There was little evidence that raids to round up and deport certain illegal immigrants that President Donald Trump said would begin this weekend in Chicago and around the country occurred in the city Sunday night.
An official at a hotline run by the Illinois Coalition for Immigrant and Refugee Rights — where reports of suspected ICE activity can be made — said the hotline received a few reports of ICE activity in Chicago on Sunday but none of them could be confirmed or verified.
However, the New York Times reported Sunday that reports of ICE encounters in Chicago began Friday. The newspaper reported a mother and her daughters were apprehended but quickly released, a source said. CBS Chicago reported Friday that a woman was almost picked up by ICE agents in Chicago.
In Chicago’s Albany Park neighborhood Sunday morning, dozens of volunteers seeking to disrupt federal deportation raids fanned out across the Northwest Side neighborhood.
Armed with cell phone cameras and teamed in pairs, the volunteers set out on foot and on bike to look for Immigration and Customs Enforcement (ICE) raids or signs of an impending raid, such as unmarked law enforcement vehicles staging outside a home.
Finding a raid or the telltale signs of one was to trigger a mass text message steering volunteers to the site to possibly block the street so ICE vehicles would not be able to leave, or if volunteers arrive early enough, block ICE agents from entering the home of an undocumented immigrant, organizers said.
“The main thing we want to achieve is extreme delay,” said Anthony Joel Quezada, who heads up constituent services for Ald. Carlos Ramirez-Rosa (35th).
“If we delay them an hour or two, that’s an hour or two we’ve given for the next person who’s being targeted,” he said.
The anti-raid brigade was organized by Ramirez-Rosa and fellow newly-elected Democratic Socialist Ald. Rossana Rodriguez Sanchez (33rd).
Volunteers gathered Sunday morning in the 3200 block of West Montrose Avenue, where organizers explained the mission before everyone headed out into the community.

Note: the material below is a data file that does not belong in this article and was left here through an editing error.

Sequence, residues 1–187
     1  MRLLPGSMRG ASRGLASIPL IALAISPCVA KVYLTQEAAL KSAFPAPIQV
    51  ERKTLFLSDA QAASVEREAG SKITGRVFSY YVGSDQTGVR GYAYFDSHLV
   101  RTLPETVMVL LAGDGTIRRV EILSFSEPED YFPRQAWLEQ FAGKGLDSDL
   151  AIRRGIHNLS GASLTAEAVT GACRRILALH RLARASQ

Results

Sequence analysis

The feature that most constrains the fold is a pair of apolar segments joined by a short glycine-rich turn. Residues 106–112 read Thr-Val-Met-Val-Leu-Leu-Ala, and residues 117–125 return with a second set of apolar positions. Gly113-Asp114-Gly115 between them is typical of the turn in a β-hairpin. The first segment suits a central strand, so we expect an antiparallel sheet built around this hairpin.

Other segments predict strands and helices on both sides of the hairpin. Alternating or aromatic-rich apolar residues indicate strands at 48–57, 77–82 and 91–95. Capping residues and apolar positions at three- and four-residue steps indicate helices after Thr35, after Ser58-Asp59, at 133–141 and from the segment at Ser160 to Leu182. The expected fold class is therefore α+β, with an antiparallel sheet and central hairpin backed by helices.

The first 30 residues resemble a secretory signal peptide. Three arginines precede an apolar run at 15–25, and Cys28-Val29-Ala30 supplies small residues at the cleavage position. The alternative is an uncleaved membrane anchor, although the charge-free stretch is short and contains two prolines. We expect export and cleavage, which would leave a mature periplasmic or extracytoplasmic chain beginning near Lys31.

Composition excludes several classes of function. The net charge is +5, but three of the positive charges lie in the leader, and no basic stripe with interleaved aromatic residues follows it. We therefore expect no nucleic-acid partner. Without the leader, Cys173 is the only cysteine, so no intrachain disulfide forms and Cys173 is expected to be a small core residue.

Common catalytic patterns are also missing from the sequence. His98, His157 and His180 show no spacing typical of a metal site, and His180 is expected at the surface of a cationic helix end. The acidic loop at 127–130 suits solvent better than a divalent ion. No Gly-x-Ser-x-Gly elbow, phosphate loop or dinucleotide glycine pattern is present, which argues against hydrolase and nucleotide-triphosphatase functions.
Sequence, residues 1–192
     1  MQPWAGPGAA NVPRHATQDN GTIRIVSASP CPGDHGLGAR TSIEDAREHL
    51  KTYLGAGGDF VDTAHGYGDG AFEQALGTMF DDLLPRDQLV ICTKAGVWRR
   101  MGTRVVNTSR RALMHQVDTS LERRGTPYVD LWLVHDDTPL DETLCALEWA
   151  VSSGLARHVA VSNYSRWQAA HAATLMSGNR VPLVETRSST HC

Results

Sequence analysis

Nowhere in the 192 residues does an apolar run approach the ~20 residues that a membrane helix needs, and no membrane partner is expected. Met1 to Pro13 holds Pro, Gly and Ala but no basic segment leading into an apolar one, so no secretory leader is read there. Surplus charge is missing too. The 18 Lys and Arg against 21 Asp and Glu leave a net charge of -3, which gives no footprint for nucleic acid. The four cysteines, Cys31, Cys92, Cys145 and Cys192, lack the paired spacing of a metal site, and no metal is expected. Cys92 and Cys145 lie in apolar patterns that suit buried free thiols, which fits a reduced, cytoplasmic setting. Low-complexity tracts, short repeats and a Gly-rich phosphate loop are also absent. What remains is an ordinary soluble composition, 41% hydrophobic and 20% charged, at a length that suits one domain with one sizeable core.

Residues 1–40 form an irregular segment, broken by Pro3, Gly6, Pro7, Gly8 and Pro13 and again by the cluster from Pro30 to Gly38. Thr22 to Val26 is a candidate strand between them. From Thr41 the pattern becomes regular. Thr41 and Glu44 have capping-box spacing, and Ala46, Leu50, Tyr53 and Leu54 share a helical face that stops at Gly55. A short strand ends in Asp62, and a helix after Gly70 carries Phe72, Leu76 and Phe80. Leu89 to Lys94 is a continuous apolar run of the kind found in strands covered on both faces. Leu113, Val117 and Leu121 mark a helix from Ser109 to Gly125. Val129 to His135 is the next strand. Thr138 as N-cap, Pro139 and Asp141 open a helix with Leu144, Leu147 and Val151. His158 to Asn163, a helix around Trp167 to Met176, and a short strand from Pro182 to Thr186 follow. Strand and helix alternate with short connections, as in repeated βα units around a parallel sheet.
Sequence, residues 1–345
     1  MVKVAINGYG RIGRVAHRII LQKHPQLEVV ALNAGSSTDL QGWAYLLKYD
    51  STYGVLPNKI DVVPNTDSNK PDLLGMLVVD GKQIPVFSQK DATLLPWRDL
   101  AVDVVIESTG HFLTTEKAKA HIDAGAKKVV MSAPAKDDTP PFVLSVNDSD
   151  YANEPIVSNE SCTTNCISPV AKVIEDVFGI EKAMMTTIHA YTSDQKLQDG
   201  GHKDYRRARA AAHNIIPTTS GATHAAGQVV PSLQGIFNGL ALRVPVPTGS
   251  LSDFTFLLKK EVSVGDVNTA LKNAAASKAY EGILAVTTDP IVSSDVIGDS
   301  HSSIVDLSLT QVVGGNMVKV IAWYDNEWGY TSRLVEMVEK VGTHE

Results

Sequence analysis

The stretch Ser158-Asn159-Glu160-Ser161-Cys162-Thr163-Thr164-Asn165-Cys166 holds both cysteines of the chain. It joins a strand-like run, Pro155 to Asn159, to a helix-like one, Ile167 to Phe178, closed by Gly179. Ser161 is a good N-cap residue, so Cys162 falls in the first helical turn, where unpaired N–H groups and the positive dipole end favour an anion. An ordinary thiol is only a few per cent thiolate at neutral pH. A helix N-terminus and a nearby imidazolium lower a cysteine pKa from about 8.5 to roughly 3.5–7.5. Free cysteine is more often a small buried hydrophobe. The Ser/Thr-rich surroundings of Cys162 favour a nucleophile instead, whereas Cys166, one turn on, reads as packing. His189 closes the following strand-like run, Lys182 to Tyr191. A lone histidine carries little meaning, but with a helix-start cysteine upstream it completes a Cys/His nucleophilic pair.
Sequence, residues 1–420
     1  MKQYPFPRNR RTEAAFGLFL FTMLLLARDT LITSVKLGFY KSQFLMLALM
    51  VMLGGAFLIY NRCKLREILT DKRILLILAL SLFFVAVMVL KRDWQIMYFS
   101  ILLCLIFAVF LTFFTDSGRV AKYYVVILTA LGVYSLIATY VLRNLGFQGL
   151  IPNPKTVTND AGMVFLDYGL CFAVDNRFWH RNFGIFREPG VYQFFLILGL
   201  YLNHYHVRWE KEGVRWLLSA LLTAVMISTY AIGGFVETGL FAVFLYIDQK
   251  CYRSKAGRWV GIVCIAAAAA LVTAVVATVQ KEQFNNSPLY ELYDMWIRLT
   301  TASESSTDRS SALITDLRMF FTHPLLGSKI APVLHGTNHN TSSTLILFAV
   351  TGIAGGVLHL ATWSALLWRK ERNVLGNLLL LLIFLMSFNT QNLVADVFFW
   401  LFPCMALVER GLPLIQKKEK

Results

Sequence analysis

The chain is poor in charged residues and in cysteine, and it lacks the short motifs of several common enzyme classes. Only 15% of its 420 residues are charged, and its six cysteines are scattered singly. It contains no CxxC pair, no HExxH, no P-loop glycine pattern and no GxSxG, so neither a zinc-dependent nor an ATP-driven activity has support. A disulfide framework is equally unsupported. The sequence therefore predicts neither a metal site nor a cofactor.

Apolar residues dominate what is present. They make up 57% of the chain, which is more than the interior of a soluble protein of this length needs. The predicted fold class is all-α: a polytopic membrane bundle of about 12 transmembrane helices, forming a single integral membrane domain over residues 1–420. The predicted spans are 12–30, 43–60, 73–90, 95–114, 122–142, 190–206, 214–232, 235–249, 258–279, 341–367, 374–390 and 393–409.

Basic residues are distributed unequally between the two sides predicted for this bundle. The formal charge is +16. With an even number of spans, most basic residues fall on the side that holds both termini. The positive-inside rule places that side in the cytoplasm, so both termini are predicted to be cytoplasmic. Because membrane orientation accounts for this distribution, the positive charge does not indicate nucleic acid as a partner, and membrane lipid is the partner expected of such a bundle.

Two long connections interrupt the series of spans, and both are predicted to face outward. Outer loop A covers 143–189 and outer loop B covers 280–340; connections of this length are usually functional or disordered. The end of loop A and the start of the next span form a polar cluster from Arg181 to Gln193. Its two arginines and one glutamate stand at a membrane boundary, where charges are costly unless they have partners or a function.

Rodriguez Sanchez said she came up with the idea.
“I thought about this like two days ago, and I started calling people and I was like, ‘Do you think we can do this?” she said. ”The premise is very simple: let’s just be outside and be the eyes of the community.
“This is the first time that we have done anything like this,” Rodriguez Sanchez said. “We’re learning how to do it and understanding the reach we can have.
“It’s incredible that 65 people showed up this morning to try to protect their neighbors,” she said.
Two more shifts of volunteers — afternoon and evening — were scheduled to keep an eye on the Northwest Side neighborhood Sunday.
Across the street from the staging area was a nearly empty laundromat.
“We can see how people are staying home,” Rodriguez Sanchez said, noting the business is normally bustling on Sundays.
“There are many people in the community who I am very close to who are undocumented, and they have told me they don’t want to go out to go grocery shopping; they don’t want to do the most basic things because they’re worried they might not make it back home,” she said.
Volunteers were told they’d be taking the risk of being detained should they get in the way of ICE agents.
Cindy Zucker, a retired CPS teacher who volunteered to stroll Albany Park with her husband, said she’d be playing it by ear.
Zucker said she’d be willing to get in the way of federal agents “if we have the numbers.”
Last month, before announced raids that were never actually carried out, both aldermen organized a door-knocking campaign to let people know their rights should ICE agents end up at their home.
The Family Support Network Hotline is being run out of the downtown office of the Illinois Coalition for Immigrant and Refugee Rights.
The hot line phone number has been widely distributed in immigrant communities. Hot line staff help undocumented immigrants with legal representation and other services.